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Barbour: No need for first-week heavy lifting on budget

Gov. Haley Barbour says there’s no need for lawmakers to jump out the first week of a three-month session and try to write most of the nearly $5 billion state budget.

The Republican spoke to more than 1,000 members of the Mississippi Economic Council on Thursday. His remarks were aimed at Democratic House leaders, who tried unsuccessfully to get votes on education funding and pay raises for teachers and state employees on Tuesday, the session’s opening day.

“I would suggest that if you ran your business that way, you wouldn’t have enough money to pay your MEC dues,” Barbour said to the business people in Jackson for an annual day of lobbying.

Barbour, who’s running for re-election this year, said one of his priorities will be making sure only 98 percent of projected state revenues are put into the state budget for the fiscal year that starts July 1.

A state law enacted during the early 1990s says 2 percent of revenues are supposed to be set aside in a rainy day fund. During tight economic times the past several years, officials have budgeted 100 percent of projected revenues and dipped into the balance of the rainy day fund.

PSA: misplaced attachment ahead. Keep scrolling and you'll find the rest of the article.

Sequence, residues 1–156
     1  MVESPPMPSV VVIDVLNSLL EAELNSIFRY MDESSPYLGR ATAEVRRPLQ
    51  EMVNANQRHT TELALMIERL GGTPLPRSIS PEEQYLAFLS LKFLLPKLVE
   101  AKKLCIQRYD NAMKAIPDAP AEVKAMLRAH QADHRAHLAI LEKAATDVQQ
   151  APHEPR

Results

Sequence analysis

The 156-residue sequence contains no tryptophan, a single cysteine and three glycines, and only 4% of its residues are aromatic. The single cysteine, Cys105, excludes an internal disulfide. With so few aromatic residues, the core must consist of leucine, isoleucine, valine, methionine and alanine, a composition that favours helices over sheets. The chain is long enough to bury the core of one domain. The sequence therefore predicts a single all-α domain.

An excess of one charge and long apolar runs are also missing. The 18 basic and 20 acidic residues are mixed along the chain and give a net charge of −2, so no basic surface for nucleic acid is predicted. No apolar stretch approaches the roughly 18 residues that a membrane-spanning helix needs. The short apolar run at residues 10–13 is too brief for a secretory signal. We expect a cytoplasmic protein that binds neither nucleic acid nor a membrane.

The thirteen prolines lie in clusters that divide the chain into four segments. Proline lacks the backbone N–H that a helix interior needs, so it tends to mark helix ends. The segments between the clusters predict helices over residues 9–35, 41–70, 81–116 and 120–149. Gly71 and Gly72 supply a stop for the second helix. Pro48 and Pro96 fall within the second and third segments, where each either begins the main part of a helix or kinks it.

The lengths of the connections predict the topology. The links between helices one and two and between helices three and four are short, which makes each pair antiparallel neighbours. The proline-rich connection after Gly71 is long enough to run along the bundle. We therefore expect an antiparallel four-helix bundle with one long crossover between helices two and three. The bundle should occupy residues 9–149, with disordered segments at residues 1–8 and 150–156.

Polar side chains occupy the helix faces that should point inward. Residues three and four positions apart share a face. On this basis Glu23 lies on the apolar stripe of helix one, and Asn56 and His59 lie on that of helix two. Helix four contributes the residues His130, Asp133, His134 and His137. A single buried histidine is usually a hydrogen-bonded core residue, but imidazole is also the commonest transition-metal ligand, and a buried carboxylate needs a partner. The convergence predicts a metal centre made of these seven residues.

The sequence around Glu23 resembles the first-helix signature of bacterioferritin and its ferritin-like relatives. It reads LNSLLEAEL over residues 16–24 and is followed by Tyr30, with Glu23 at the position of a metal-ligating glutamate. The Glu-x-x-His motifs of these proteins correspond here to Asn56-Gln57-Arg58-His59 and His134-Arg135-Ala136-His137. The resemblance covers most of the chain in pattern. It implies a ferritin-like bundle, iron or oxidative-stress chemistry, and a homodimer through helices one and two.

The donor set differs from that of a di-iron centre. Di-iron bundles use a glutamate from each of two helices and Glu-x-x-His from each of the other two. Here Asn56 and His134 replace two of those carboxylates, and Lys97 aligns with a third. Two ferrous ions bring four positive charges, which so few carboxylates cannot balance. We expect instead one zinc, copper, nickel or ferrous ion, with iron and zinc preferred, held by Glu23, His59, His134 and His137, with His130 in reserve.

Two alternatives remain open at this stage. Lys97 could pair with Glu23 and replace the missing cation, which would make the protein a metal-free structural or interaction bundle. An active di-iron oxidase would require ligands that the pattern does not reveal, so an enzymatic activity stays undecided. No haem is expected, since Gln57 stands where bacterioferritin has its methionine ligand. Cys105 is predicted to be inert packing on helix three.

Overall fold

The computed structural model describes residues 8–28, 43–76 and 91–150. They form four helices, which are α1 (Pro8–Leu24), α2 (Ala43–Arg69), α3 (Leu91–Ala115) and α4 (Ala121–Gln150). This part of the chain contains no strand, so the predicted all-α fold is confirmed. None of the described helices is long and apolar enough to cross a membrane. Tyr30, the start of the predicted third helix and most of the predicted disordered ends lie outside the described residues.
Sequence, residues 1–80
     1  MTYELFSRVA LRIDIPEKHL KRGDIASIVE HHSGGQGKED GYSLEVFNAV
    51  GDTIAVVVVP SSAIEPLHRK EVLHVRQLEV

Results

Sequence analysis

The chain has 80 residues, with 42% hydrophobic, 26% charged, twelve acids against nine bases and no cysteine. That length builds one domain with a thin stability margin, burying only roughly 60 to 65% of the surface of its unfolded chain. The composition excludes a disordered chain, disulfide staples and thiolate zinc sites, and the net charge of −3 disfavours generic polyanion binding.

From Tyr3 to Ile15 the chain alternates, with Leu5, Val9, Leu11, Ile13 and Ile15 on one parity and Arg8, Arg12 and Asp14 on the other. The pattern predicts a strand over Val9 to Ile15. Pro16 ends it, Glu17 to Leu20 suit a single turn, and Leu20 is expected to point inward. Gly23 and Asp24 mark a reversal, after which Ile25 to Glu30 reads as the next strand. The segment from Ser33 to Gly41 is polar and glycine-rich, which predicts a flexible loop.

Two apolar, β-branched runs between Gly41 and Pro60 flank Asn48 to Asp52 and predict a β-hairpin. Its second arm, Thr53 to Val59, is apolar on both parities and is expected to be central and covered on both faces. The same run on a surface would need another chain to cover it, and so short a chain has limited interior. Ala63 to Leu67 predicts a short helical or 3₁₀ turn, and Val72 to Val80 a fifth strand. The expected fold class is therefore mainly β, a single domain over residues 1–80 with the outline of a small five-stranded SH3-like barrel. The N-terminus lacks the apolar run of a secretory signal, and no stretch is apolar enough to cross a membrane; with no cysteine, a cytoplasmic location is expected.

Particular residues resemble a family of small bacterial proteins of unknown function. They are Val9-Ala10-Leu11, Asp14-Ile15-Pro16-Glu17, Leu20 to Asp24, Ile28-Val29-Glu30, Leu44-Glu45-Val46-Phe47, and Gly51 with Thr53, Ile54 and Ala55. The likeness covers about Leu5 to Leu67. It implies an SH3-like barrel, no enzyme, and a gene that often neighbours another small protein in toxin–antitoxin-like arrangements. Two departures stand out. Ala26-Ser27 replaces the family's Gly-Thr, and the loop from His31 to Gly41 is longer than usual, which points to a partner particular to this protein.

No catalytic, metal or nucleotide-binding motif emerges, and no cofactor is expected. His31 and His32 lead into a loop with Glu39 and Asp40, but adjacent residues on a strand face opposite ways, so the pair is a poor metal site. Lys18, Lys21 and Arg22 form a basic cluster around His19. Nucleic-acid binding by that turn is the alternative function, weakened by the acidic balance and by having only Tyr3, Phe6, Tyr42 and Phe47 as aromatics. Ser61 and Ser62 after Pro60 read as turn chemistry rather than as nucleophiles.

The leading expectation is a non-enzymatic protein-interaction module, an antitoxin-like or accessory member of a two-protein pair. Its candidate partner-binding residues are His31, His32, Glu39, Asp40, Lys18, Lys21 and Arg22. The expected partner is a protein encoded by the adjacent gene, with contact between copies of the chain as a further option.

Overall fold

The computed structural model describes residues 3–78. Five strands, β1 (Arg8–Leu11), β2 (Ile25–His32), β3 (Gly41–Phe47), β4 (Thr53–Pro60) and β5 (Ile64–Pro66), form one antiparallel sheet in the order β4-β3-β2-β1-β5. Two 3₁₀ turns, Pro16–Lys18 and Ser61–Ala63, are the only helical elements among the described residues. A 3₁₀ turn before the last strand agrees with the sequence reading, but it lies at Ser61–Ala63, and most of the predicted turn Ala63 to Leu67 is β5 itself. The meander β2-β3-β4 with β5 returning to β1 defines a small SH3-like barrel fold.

Sales tax collections have shown a healthy increase the past several months as people in south Mississippi are buying cars, refrigerators and building materials for Hurricane Katrina recovery.

Several lawmakers say they expect the budget to be the dominant issue during this election-year session.

House Speaker Billy McCoy, D-Rienzi, was pushing what he called “one of the strongest beginning legislative packages in the history of the state.”

Within the first few hours of the session, House committees approved pay raises for teachers and state employees, full funding for a public schools budget formula, more money for universities and community colleges, more money for public safety and mental health programs and a state subsidy to help coast businesses pay for insurance through the state wind pool.

McCoy said the issues have been discussed publicly for months, and he doesn’t want education to be shortchanged in last-minute budget talks.

He has sharply criticized the group of mostly Republican lawmakers who used a procedural move to block the first-day votes on high-profile bills that would shape much of the debate on the budget.

Lawmakers who blocked the quick votes on the bills say they wanted more time to consider the issues. McCoy hasn’t said when the votes might be taken.

Barbour says he supports fully funding public schools and giving pay raises to teachers and state employees, but there’s no reason to consider any part of the state budget in isolation during the early days of the session. He says that by March, lawmakers will have a clearer picture of state financial trends.

Most of the detailed budget work is usually done in March, during the final weeks of the session.

The bills are House Bills 239, 238, 241, 242, 244, 245 and 243.